Home values are rising and homeowners are taking advantage of that, finally tapping into that equity again in the form of cash-out mortgage refinances. They are doing so, however, by pulling the most conservative amounts in history.
Prior to the historic housing crash of the last decade, homeowners used their homes like ATMs, pulling out as much cash as the bank would allow, which at the time was essentially all of it and more. This led to millions of borrowers falling underwater on their home loans as home prices fell, and leading to 7.1 million homes so far ending up in foreclosure, according to Black Knight Financial Services.
Lending standards have tightened significantly since then, but borrowers are clearly much more risk averse. They are taking cash out again; 42 percent of mortgage refinances last fall involved borrowers taking cash out of their homes, not just lowering their interest rates. That is the highest share since 2008, according to Black Knight.
The average cash-out amount was over $60,000, but the average loan-to-value ratio after the refinance was 67 percent, the lowest level on record. Borrowers left 33 percent equity still in the home which is still a very healthy level.
With rents rising, many are taking out cash to purchase rental properties or make some upgrades to their current homes as there is simply not enough quality inventory available. So, many are not selling..they are staying put and improving instead.
What Happened to Rates Last Week?
Mortgage backed securities (FNMA 3.50 MBS) gained +27 basis points (BPS) from last Friday’s close which caused fixed mortgage rates to improve from the prior week. 30 year fixed rates fell to their lowest levels of 2016 so far.
While Friday’s jobs data pressured MBS pricing (higher rates)on an intra-day basis, the overall trend for the week was upward momentum on MBS trades (lower rates) due to lower Oil prices and weaker ISM data. This has the bond community hedging towards very low risk and very low inflation for most of 2016 which means very low rates.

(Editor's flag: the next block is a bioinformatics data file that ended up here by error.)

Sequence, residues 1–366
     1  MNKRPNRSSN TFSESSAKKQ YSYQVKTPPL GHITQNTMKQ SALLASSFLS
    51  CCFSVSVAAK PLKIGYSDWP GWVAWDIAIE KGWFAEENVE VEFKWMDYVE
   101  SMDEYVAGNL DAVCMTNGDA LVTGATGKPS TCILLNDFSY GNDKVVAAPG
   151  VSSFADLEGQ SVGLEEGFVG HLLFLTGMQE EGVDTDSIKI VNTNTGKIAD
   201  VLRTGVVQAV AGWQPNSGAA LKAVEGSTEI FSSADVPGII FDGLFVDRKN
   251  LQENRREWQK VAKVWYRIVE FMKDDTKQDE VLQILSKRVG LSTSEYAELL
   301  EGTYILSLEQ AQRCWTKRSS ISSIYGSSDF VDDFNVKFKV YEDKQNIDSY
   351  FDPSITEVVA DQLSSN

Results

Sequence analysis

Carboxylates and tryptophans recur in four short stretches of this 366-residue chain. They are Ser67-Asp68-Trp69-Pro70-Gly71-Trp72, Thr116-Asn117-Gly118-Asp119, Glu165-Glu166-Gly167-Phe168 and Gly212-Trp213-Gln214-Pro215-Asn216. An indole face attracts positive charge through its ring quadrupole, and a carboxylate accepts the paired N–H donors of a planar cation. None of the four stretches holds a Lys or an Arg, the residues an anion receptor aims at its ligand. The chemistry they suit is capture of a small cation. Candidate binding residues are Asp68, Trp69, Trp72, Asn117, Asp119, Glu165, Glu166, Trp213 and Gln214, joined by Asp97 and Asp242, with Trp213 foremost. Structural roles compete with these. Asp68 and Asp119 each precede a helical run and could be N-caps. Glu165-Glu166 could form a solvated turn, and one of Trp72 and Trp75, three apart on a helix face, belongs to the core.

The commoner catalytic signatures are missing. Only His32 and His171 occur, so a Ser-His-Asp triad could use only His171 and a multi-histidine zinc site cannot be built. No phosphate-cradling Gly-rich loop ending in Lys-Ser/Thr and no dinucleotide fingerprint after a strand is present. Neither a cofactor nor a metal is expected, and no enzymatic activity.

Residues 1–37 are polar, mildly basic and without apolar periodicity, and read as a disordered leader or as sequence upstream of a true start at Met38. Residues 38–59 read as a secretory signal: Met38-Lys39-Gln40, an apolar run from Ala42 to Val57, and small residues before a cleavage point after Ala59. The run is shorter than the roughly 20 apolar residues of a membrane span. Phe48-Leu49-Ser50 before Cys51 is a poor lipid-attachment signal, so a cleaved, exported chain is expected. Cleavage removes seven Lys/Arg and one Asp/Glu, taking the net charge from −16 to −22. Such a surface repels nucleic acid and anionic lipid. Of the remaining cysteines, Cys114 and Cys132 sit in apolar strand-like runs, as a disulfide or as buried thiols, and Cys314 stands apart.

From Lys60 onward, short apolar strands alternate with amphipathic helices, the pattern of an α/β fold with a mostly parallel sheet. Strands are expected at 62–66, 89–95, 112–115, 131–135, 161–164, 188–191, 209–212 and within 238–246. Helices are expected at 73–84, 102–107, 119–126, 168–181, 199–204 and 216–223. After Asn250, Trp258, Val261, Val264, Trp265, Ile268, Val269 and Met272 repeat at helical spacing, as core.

Jobs, Jobs, Jobs:
Tale of the tape:
Non-Farm Payrolls – January 151K vs est of 190K
Non-Farm Payrolls – December – revised from 292K down to 262K
Non-Farm Payrolls – November – revised from 252K up to 280K
Non-Farm Payrolls – rolling 3 month average 231K
Unemployment Rate – 4.9% vs est of 5.0%
Average Hourly Earnings – 0.5% vs est of 0.3%
Average Weekly Hours Worked – 34.6 vs est of 34.5
Labor force Participation Rate: Increased from 62.6% to 62.7%
Ok, now that you have all the data laid out for you…what does it mean and how are long-bond traders viewing it? The answer is that we view this as a very solid report that confirms that the labor market slack is tightening but that this will do little to nothing to change the Fed’s trajectory of rate hikes (if any) this year.
The net revisions to Dec and Nov was basically a wash and this reading of 152K will be revised as well. More importantly, we look at the trend line which is well above 200K.
The big key is Average Hourly Wages which jumped up 0.5% (the Unit Labor Costs on Thursday jumped 4.5%). This is had the most impact on rates as it is inflationary and also shows economic strength…two things that bonds don’t like.
The Unemployment Rate dropped below 5.0% for the first time since May 2008 and what a long strange trip it has been since then. Lately the Unemployment rate (particularly in early to mid 2015) was dropping mostly due to a drop in the Participation Rate (which basically means if you don’t have a job and are not looking for work…then you are not counted as Unemployed). But in this particular case, the Participation rate actually increased AND the Unemployment Rate fell….that is encouraging.
What to Watch Out For This Week:
The above are the major economic reports that will hit the market this week. They each have the ability to affect the pricing of Mortgage Backed Securities and therefore, interest rates for Government and Conventional mortgages. I will be watching these reports closely for you and let you know if there are any big surprises.
It is virtually impossible for you to keep track of what is going on with the economy and other events that can impact the housing and mortgage markets. Just leave it to me, I monitor the live trading of Mortgage Backed Securities which are the only thing government and conventional mortgage rates are based upon.
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